Yet this highly diverse population has been shrunken into a single suspect class, unified now by its experience with Islamophobia. A widely debated term, “Islamophobia” has nevertheless “gained currency as the symbolic representation of the phenomenon of otherizing Muslims,” Dr. Hatem Bazian of the University of California at Berkeley told The Electronic Intifada. Bazian teaches law, philosophy and Islamic Studies and is active in the local Palestinian solidarity movement.
Two studies that attempt to quantify the pervasiveness and examine the many expressions of Islamophobia in the United States were published last month. Both studies survey a sample population of Muslim Americans, gaining insight into respondents’ experience with discrimination, hate-crimes and harassment.
The first, produced by the UK-based Islamic Human Rights Commission, surveys Muslims residing in California. The second, funded by the One Nation Foundation, looks specifically at the San Francisco Bay Area, a region that is comprised of six counties and includes the cities of San Francisco, San Jose, Oakland and Berkeley as well as the many smaller towns and suburbs. The two studies were conducted separately, and the results of each affirm and complement the other.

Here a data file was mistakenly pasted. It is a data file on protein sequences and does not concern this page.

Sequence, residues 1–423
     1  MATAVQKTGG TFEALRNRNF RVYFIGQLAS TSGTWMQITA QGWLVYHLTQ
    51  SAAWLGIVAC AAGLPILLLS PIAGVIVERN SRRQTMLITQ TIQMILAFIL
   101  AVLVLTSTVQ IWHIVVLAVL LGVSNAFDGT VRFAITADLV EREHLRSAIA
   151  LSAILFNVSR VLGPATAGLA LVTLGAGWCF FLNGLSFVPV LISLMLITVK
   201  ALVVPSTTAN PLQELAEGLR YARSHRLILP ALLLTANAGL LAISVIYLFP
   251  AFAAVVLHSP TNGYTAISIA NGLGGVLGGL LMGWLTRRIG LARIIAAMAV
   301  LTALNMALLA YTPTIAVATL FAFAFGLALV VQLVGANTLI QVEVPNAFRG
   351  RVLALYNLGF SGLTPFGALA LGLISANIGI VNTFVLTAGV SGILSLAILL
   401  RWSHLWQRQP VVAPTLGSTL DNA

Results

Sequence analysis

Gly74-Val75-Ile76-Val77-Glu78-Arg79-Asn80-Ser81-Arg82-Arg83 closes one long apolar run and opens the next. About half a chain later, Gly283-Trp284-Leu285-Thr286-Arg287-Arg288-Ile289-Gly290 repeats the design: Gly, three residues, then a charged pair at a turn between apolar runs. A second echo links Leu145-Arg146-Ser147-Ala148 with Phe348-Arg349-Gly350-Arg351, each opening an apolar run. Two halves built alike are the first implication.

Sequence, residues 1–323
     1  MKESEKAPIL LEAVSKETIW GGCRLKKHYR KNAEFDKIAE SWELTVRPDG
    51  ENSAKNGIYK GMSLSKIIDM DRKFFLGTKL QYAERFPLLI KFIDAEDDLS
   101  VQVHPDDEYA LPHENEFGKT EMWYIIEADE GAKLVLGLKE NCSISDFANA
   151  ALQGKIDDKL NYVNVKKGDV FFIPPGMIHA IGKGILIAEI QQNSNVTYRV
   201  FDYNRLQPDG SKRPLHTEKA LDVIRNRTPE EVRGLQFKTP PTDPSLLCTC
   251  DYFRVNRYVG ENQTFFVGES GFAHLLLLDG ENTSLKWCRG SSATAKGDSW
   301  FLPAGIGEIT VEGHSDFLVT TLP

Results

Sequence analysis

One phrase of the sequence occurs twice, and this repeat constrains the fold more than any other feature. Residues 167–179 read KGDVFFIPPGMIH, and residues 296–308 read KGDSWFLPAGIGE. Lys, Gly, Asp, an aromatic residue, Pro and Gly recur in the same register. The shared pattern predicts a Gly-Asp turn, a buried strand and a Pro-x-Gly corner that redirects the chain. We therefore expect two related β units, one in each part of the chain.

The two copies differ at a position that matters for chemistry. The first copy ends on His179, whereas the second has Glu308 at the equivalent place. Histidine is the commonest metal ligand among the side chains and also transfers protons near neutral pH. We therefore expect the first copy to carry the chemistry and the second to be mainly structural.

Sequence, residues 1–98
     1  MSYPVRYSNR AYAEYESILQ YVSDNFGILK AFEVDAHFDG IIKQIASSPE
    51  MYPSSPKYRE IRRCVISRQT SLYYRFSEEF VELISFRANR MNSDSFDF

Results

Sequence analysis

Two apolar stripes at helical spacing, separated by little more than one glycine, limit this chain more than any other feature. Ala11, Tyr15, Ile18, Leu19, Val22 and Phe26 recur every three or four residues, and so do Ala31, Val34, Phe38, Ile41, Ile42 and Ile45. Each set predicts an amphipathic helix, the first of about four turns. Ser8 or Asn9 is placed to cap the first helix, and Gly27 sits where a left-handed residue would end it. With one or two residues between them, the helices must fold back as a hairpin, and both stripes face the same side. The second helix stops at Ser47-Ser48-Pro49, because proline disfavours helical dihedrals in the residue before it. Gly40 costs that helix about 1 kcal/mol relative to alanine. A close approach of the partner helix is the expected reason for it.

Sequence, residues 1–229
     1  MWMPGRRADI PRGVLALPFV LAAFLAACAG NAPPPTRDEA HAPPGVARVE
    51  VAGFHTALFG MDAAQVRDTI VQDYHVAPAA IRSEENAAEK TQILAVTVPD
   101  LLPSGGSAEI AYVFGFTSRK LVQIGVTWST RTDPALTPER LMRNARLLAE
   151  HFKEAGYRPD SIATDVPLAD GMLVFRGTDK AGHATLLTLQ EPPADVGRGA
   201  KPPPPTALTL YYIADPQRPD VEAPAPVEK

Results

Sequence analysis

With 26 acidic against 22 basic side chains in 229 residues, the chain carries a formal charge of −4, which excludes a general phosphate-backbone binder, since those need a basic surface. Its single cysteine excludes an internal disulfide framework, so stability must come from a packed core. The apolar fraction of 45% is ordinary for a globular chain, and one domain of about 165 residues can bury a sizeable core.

Just a sample of the findings provides significant insight into the magnitude of the issue.
The Islamic Human Rights Commission reveals that 29.9 percent of all respondents in the state of California had experienced a hate-motivated physical attack, the highest figure found so far.
Not far behind, however, in the designated seat of liberal America, the San Francisco Bay Area of California, 23 percent of respondents reported being victims of a hate crime.
Similarly, the Islamic Human Rights Commission found that, in California, 37.9 percent of respondents had been “overlooked, ignored or denied service in a public” due to prejudice, while in the Bay Area, 40 percent of respondents said they had experienced some sort of discrimination.